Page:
Regarding the Nov. 20 front-page article “U.S. may add Venezuela to its list of terrorism sponsors”:
Venezuela strenuously rejects violence and terrorism and has always opted for peace. President Nicolás Maduro has repeatedly called for dialogue with the political opposition and with the governments of the United States and Colombia. Venezuela participated and was lauded for its role as a guarantor in Colombia’s historic peace process with FARC.
The suggestion that my country sponsors terrorism is patently absurd. In the past two years, we have been the victims of terrorism, from the hijacking of a helicopter, to an attempted presidential assassination, to the recent ambush and murder of four national guardsmen along our border with Colombia.
It is alarming that an article about terrorism included an uninformed discussion of public health. Are outbreaks of infectious diseases now terrorism? This failed to point out the obvious: The Trump administration’s sanctions are not solely aimed at individuals, and they are having a devastating impact on Venezuela’s economy — including in the health and food sectors.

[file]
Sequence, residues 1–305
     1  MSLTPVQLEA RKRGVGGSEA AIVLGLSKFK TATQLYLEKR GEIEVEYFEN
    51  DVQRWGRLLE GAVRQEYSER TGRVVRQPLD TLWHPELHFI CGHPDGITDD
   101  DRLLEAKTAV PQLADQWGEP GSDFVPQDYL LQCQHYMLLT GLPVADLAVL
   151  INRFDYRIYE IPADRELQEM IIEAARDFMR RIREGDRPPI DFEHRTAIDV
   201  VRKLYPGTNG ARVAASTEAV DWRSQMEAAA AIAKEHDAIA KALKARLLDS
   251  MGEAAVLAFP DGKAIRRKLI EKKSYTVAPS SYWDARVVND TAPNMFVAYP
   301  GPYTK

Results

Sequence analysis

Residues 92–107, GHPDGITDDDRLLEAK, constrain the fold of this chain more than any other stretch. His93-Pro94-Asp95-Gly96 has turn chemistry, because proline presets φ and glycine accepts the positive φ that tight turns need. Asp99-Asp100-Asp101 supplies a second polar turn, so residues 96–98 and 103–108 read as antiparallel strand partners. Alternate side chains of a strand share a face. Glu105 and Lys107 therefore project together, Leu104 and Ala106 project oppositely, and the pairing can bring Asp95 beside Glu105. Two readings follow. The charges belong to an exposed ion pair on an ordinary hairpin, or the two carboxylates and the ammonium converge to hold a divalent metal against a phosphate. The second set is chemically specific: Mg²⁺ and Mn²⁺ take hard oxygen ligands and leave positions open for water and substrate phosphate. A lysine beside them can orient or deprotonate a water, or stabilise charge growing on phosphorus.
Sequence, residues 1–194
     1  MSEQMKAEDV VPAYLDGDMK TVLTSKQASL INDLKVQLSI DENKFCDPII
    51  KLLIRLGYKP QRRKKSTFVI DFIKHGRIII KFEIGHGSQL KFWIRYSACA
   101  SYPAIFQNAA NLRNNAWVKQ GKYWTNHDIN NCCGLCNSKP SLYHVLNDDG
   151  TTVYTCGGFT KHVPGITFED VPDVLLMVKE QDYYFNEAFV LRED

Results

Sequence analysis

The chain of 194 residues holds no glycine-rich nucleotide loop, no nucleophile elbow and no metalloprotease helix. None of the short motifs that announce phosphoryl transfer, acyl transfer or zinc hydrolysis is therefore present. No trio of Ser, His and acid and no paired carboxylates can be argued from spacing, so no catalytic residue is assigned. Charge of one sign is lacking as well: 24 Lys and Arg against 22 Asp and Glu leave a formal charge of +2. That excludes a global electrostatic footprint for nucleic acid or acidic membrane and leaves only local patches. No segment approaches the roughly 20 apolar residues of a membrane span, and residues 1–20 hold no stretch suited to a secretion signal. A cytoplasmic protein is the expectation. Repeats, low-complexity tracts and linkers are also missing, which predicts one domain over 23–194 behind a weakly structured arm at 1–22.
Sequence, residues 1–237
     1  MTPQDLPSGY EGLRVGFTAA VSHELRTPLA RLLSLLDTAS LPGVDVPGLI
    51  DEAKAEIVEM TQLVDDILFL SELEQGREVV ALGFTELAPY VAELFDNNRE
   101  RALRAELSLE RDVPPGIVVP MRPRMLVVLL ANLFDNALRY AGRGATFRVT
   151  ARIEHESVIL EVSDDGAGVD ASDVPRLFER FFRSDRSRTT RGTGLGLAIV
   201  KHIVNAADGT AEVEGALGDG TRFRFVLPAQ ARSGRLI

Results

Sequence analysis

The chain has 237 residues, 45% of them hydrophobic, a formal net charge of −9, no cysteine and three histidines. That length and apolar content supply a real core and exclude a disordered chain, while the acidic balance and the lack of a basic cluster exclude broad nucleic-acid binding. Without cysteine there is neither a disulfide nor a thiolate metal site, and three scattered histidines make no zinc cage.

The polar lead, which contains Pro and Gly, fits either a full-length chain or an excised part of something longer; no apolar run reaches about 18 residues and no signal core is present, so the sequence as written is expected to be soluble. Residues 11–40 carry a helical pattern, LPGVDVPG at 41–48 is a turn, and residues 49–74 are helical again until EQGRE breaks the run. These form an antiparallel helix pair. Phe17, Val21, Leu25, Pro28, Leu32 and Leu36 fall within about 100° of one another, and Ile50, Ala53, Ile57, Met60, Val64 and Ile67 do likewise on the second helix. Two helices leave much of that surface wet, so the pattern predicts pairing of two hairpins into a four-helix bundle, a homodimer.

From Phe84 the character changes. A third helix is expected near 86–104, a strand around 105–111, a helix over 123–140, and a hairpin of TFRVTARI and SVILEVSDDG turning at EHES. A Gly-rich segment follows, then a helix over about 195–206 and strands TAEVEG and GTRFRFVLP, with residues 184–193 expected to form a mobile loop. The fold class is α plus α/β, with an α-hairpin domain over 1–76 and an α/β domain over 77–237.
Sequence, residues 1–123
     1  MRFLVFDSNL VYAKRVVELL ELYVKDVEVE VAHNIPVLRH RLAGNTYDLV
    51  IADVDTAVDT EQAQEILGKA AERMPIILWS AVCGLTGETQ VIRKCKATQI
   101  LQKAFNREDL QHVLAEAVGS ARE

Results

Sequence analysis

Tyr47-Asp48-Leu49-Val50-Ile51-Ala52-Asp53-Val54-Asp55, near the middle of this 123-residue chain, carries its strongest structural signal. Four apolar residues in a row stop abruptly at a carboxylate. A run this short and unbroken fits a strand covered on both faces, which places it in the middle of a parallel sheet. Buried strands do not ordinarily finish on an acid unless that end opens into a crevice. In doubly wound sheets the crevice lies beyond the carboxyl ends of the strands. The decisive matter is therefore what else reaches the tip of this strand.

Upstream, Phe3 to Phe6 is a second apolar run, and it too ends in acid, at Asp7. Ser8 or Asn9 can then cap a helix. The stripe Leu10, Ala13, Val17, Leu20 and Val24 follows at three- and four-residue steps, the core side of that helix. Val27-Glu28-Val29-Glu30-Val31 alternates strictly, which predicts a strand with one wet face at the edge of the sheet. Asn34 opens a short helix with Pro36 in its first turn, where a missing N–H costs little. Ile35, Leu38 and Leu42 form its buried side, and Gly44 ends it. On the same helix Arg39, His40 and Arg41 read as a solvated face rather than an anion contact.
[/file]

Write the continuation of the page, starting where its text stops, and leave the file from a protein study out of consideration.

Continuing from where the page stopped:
The sanctions have caused billions of dollars in damage to our oil industry, frozen hundreds of millions more in banks overseas, and delayed or prevented the importation of billions of dollars’ worth of food and medicine, among other costs. For example, our assets frozen in Euroclear Bank have depreciated by $264 million. With that $264 million, our public health service could have guaranteed vaccinations for the entire country for three years.
The writer is the chargé d’affaires for the Embassy of the Bolivarian Republic of Venezuela.
The views expressed in this article are the author’s own and do not necessarily reflect those of the Venezuelanalysis editorial staff.